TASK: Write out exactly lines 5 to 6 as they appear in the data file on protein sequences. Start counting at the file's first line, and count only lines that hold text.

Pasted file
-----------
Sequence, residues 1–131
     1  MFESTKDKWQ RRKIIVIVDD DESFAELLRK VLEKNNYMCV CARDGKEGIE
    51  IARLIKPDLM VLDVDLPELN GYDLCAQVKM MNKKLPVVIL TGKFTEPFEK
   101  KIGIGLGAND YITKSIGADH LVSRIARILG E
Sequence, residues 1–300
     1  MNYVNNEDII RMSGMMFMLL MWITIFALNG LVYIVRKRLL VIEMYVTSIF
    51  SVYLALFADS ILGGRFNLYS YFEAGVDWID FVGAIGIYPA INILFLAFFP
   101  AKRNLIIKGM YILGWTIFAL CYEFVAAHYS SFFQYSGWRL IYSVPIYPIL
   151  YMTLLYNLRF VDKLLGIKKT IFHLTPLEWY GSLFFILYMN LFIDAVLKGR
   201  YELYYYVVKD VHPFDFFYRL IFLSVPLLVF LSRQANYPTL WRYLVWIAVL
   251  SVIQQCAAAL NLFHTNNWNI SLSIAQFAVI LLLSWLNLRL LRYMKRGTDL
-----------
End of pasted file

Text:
Sequence, residues 1–300
     1  MNYVNNEDII RMSGMMFMLL MWITIFALNG LVYIVRKRLL VIEMYVTSIF